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Use Messages to Share Your Current Location Quickly

We’ve all gotten that panicked “Where are you?!?” text message at some point. Sometimes it’s an easy question to answer, but at other times, the answer is “Well, right here, wherever that is.” That’s unsatisfying, of course, but using Messages on your iPhone, you can do better. Tap the person’s name at the top of the conversation, tap the Info button, and in the screen that appears, tap Send My Current Location. Messages immediately sends a little thumbnail map showing where you are, and if the recipient taps it, they can see a larger map, get directions, or open it in Maps. It’s a brilliant little feature!

(Featured image by Andrea Piacquadio from Pexels)

Four Ways to Reduce Zoom Fatigue

After a long day of video calls, you might feel like your brain has been wrung out like a wet washcloth—we certainly do. It’s exhausting to stare into a computer for hours every day while participating in meetings or classes. This condition is called Zoom fatigue, and it’s a recent affliction for most of us because the pandemic has dramatically increased the popularity of video calls. We don’t mean to beat on Zoom here—this condition plagues people who use Cisco WebEx, FaceTime, Google Hangouts, Google Meet, Microsoft Teams, Skype, and other videoconferencing software too.

But there are techniques you can employ to reduce Zoom fatigue. Researchers at Stanford University have identified four reasons why video calls are so tiring and offer suggestions on making them less so. They include:

  • Close-up eye contact is overwhelming. You usually sit about an arm’s length from your computer display, and if one person is on screen at a time, their head may be close to life-size. You’d never be that near someone’s face in real life unless they were a close family member, and even then, you wouldn’t hold that position for long. Shrink your window or switch to gallery view so you’re talking to postage stamps rather than feeling like someone is up in your face.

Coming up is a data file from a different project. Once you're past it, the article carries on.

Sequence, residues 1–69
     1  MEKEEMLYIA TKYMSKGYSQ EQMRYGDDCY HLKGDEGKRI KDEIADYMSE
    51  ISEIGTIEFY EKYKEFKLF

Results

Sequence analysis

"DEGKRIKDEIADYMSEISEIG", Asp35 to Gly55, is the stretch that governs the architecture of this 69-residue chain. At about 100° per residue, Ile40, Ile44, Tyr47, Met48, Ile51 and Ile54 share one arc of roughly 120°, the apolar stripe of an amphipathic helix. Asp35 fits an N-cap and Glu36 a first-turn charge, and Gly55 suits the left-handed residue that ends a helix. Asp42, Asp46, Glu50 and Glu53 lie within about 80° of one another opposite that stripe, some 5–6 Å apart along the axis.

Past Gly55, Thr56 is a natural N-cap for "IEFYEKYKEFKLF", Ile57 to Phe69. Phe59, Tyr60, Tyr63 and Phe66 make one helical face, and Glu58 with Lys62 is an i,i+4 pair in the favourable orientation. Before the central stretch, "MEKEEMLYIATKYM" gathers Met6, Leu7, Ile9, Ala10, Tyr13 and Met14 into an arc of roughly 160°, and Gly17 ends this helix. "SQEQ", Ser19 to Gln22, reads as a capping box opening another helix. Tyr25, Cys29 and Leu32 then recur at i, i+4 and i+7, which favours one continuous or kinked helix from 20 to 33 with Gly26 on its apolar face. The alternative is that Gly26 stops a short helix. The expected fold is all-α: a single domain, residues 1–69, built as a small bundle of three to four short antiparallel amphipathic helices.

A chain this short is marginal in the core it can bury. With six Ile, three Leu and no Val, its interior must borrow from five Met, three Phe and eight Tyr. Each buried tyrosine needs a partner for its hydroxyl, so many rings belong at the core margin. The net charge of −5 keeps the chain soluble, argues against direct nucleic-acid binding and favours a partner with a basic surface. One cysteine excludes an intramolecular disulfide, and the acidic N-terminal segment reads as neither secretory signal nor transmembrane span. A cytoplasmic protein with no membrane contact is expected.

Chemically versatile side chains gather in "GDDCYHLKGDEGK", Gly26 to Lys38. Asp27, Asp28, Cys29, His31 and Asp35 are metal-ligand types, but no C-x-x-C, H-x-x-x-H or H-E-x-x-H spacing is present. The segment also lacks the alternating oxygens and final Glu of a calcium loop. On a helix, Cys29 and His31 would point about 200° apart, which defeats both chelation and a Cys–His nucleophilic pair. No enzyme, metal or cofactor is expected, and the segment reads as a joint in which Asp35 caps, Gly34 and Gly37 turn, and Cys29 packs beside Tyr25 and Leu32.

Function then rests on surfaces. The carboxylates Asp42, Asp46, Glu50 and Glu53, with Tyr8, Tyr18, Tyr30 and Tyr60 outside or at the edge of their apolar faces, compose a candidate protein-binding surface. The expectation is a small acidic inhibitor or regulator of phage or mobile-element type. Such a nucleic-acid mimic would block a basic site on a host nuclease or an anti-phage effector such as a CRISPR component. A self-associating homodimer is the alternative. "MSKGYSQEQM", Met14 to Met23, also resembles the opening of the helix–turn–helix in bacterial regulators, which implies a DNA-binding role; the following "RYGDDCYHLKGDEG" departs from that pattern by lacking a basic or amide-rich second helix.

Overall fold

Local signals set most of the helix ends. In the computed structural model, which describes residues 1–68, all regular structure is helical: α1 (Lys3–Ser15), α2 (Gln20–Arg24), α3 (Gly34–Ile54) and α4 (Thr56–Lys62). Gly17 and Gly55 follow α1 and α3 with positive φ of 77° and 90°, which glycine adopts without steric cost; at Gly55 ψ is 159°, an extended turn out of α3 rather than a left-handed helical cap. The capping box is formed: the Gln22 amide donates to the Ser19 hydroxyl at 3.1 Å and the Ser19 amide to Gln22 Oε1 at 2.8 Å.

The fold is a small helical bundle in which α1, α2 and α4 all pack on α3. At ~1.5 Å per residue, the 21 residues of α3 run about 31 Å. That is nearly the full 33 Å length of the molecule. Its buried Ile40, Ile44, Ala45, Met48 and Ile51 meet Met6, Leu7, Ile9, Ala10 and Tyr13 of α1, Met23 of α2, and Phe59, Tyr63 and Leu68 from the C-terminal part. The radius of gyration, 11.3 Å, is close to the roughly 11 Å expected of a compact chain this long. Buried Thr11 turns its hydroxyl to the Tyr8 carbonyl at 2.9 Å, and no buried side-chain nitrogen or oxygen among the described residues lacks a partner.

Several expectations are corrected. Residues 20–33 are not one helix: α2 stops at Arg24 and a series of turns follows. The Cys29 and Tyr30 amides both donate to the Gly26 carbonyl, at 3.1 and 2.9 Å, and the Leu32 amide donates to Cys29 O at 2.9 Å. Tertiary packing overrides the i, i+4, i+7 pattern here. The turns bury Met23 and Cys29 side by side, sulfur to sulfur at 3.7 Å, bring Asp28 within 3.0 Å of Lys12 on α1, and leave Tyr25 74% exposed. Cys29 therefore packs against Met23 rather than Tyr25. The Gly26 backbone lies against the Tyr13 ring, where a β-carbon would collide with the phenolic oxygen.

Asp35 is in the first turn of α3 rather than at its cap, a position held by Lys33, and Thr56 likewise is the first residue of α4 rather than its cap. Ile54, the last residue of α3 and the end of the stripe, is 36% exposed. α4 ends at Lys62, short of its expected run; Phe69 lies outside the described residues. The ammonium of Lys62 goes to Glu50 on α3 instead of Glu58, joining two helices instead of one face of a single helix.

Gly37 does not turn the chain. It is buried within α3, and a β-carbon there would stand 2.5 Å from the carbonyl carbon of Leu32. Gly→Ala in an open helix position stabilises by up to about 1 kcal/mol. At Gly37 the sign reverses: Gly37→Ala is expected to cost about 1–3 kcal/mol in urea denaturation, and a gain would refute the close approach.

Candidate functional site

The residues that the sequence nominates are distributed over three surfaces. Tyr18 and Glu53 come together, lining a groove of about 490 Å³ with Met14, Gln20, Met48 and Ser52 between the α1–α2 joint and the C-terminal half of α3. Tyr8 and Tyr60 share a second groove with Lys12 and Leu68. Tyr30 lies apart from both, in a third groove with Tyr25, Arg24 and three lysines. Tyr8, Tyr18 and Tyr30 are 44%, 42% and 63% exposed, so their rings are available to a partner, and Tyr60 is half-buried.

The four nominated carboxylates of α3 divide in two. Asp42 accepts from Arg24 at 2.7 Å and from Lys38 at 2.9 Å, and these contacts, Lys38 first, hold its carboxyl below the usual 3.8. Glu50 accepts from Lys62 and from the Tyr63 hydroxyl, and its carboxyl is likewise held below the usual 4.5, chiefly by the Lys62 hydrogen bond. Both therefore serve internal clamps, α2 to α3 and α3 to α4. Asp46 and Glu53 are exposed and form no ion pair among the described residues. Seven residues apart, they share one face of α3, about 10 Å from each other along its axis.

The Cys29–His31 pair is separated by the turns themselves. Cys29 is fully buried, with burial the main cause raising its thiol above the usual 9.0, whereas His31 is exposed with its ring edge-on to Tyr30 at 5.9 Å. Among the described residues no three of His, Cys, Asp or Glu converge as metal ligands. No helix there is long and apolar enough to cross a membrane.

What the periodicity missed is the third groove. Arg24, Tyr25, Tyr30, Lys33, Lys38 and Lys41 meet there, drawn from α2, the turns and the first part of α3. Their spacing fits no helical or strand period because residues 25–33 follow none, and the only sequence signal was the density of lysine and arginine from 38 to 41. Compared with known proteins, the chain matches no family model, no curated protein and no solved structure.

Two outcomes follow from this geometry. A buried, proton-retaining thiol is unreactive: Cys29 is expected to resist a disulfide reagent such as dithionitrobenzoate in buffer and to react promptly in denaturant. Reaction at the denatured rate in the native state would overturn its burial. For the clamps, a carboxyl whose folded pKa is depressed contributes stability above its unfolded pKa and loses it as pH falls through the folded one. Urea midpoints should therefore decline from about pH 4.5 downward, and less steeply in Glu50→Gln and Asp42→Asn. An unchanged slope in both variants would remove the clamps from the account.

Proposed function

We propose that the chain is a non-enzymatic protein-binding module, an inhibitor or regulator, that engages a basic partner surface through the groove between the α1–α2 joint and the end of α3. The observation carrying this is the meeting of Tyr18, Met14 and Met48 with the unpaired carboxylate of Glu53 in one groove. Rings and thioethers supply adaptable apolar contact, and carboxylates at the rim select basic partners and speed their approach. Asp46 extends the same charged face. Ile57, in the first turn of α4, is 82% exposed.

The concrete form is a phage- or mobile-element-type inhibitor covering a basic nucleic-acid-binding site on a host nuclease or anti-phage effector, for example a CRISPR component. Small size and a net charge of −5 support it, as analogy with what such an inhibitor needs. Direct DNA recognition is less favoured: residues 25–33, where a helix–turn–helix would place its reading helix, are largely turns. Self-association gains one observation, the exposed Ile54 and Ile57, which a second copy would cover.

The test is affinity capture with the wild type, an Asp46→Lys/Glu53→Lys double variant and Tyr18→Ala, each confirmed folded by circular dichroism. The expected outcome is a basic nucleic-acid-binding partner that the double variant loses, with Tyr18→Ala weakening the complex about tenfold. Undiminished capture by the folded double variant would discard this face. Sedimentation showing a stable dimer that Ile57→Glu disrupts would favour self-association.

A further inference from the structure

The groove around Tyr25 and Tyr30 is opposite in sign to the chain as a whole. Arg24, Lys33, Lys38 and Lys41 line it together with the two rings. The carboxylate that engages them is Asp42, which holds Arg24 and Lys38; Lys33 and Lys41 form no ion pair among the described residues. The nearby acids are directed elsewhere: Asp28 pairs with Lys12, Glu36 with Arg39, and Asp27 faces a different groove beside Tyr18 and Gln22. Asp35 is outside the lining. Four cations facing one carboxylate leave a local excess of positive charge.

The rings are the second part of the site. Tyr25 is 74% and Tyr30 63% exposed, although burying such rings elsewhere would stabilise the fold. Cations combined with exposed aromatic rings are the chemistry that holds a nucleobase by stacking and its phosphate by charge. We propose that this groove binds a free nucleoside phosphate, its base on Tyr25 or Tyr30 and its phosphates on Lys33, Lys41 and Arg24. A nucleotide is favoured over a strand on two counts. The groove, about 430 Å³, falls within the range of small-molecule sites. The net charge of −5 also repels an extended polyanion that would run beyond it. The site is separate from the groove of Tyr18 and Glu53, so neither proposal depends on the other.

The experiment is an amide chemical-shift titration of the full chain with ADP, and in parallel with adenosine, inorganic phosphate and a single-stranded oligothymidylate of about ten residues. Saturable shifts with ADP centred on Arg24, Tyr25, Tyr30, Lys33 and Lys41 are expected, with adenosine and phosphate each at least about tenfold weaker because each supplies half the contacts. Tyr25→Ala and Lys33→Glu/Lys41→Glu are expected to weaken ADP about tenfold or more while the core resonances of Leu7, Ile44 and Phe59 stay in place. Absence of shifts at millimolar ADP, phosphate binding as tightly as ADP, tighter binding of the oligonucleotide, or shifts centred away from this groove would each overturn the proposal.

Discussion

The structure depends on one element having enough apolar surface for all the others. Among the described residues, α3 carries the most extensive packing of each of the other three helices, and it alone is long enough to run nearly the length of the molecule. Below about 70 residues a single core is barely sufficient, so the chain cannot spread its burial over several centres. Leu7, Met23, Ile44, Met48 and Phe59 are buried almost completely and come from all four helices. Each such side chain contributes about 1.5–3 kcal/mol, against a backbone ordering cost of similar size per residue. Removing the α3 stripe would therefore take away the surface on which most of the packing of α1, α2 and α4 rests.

• Looking at yourself is psychologically harmful. We all have mirrors, but can you imagine staring into one for hours every day? Only a pathological narcissist would do that. Worse, constantly seeing your own image can make you worry about your appearance and what others think of you. Once you’ve verified that you’re properly framed and don’t have salad in your teeth, hide your preview or switch to a view that doesn’t include you.
  • Sitting perfectly still is difficult. This is hardest on kids, but even adults have trouble staying sufficiently still to remain perfectly framed in a video window. When you’re on a standard phone call or in an in-person meeting, you might pace around the room or at least adjust your position in your chair. Try turning off your camera when possible—most calls work just as well without video—or position it so you can fidget or pace in person. Another solution is Apple’s Center Stage technology on the new M1-based iPad Pros, which automatically pans and zooms to keep you in the picture as you move around.
  • Video calls make you constantly think about call mechanics. There’s nothing natural about interacting with multiple people on a screen, so we’ve all come up with behaviors (some of which we just recommended!) to smooth over the cracks in the system. For instance, your brain has to expend extra effort to help you stay framed in the video window, worry about how you look, use exaggerated facial expressions so people know you’re paying attention, and use techniques like a thumbs-up to indicate approval without unmuting. The solution is to turn off your camera and hide the video window so your brain can take a break and focus on just the audio content of the call.

You’ll notice that most of the recommendations for reducing the mental strain of video calls come down to eliminating video. It shouldn’t be surprising because talking on the phone isn’t nearly as tiring, even when you’re on a conference call with a couple of people. There’s no question that video can help convey information that would be lost in a phone call, and it’s nice to see far-flung friends and family, but there’s no rule that video calls are the best form of communication for all situations.

We’ve started to put these recommendations into practice ourselves, and we encourage you to do so as well. And if you need support for why you’re turning off your camera or asking for audio-only calls, send people a link to this article.

(Featured image by Anna Shvets from Pexels)


Social Media: Why are video calls so exhausting when all you’re doing is sitting around and talking? Here’s the word from Stanford University researchers, along with advice on making those non-stop calls less tiring.